Blokes bare all

Sunday Tasmanian - Tassie Living - - Television - DEB­BIE SCHIPP

BUSINESSMAN and for­mer Lib­eral Party leader John El­liott swears by singing love songs af­ter mak­ing love, Hol­ly­wood heart- throb Josh Law­son says first kisses should ‘‘ avoid tongue or re­ally use it spar­ingly, like Tabasco’’, and co­me­dian and broad­caster Tim Ross re­mains scarred by his first Blue Light Disco pash.

Wel­come to the world of Aussie bloke logic, in which 18 high- pro­file Aussie blokes, the Agony Un­cles, dis­pense dis­arm­ing and some­times dev­as­tat­ingly hon­est views on ro­mance, re­jec­tion, love and dat­ing.

The six- part se­ries cre­ated by Adam Zwar is a con­fes­sional- style foray into what makes Aus­tralian blokes tick, with the hi­lar­i­ous re­sult that even af­ter all the dis­sec­tion, ro­mance is still a mys­tery to most.

The show, based loosely on UK show Grumpy Old­men in which mid­dle- aged male celebri­ties give their can­did views on life, is low­bud­get ( filmed pri­mar­ily in and around Zwar’s home), but the nuggets of ‘‘ wis­dom’’ are gold.

In early episodes, Law­son tells of watch­ing a girl flee from a bar rather than hang around for their date. He also out­lines how he would pre­fer to do im­pro­vi­sa­tion be­fore an au­di­ence of 1000 peo­ple rather than risk be­ing re­jected ask­ing some­one out. It makes you won­der how he man­aged to even ask Aussie ac­tress Rachel Tay­lor out let alone find love with her.

‘‘ When I think about Josh’s kiss­ing tips, I feel a lit­tle bit ill,’’ Zwar says of his mate.

‘‘ But look, he’s the SNAG- iest of the Agony Un­cles, and he was star­ring in the movie when they got to­gether, and he sat down for our in­ter­view af­ter fly­ing in from Ye­men when he fin­ished [ the movie] Any Ques­tions for Ben.

‘‘ At the end of the in­ter­view he laughed and said ‘ I’ve got no idea what I’ve just said’.’’

Zwar says it’s the un­guarded na­ture of the show he dreamed of cap­tur­ing when he re­cruited his 18 Agony Un­cles.

Af­ter writ­ing a news­pa­per col­umn about sin­gle­dom for many years, Zwar tried sev­eral times to get the show up and run­ning – even­tu­ally tin­ker­ing enough to get it right – and turned to a group of high- pro­file mates, mates of mates, ‘‘ and peo­ple I’d worked with over the years’’.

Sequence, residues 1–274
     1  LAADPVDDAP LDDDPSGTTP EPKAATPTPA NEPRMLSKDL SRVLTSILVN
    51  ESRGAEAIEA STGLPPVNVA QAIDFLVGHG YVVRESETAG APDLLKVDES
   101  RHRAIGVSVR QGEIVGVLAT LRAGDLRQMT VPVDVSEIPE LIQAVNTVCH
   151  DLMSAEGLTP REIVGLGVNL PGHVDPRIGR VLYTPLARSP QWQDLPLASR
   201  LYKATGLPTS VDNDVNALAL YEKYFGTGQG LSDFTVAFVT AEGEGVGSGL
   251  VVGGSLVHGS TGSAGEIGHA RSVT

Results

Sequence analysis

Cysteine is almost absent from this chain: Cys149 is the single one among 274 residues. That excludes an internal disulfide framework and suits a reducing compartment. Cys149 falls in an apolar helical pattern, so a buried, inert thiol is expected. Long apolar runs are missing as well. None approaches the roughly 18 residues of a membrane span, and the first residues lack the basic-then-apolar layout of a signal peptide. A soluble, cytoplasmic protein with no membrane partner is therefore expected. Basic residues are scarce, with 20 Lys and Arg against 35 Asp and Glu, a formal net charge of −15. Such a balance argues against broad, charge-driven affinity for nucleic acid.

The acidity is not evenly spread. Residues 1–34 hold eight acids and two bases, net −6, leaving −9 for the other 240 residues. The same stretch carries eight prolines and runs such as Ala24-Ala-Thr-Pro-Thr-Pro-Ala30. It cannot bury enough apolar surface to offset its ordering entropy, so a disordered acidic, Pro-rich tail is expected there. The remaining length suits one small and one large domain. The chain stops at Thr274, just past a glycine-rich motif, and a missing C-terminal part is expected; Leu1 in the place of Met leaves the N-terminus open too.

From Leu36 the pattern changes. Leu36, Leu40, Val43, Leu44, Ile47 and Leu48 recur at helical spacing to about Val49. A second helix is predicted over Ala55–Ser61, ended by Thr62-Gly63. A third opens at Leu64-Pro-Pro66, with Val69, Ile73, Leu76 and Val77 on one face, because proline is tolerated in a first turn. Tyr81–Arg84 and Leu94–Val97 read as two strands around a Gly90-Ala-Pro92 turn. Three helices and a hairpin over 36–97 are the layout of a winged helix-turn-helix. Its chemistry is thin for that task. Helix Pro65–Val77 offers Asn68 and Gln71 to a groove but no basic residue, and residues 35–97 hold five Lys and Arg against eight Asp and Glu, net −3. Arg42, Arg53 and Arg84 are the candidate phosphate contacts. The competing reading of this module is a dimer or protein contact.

‘‘ We did the in­ter­views over three weeks, con­fes­sional style. Maybe there was a false sense of se­cu­rity, be­cause they’re talk­ing to a mate and for­got they’re talk­ing to Australia,’’ Zwar says.

The re­sults are can­did and hi­lar­i­ous ver­dicts on ev­ery­thing from ‘‘ psy­cho women’’ the term, Zwar says, Aussie blokes use for any woman they don’t un­der­stand, to how men re­act when some­one says ‘‘ I love you’’ and they don’t want to hear it ( unan­i­mous ver­dict, don’t lie and say you do, just change the sub­ject, get out quickly, then run like hell).

It’s brave and gen­er­ous wis­dom. It may give men’s other halves in­sight, but no an­swers. ‘‘ We do get to the great un­spo­ken – it’s a real peek in­side the locker room of the male mind.’’ Zwar says.

‘‘ The big thing I learnt was men talk about foot­ball pretty se­ri­ously, and women talk about it as a bit of a joke. When guys talk about re­la­tion­ships it’s like it’s a bit of a joke, so it’s the blind lead­ing the blind. With women, it is se­ri­ous.’’

This was un­der­lined for Zwar as he put to­gether Agony Aunts, which will air six weeks af­ter Agony Un­cles fin­ishes, fea­tur­ing women talk­ing about the mys­ter­ies of life and love.

Zwar says he gleaned much from the ‘‘ older’’ un­cles.

‘‘ If you get to 40, ev­ery­one’s had their heart bro­ken, had some rough times. You don’t get to 40 and it’s all been sweet sail­ing,’’ he says.

‘‘ Brett [ Tucker, ac­tor] talks about get­ting his heart bro­ken for the first time at 36, and that’s pretty late. The longer you leave it to get your heart bro­ken the harder you fall.

‘‘ Rosso is a gold mine here, he is like: ‘ OK guys I’ve been through a lot of shit in my life, this is what hap­pens’. He and Lawrence Mooney [ co­me­dian], de­spite their knock­about per­sonas, are hon­est about hav­ing been to the depths of de­spair and carry that wis­dom with them.’’

John El­liott’s per­haps dated views are also a stand­out.

‘‘ What I love about him is in his mind, he’s never wrong. There’s no room for self- doubt,’’ Zwar laughs.

‘‘ I learnt that pretty much ev­ery­one has a the­ory but no­body re­ally knows any­thing.’’

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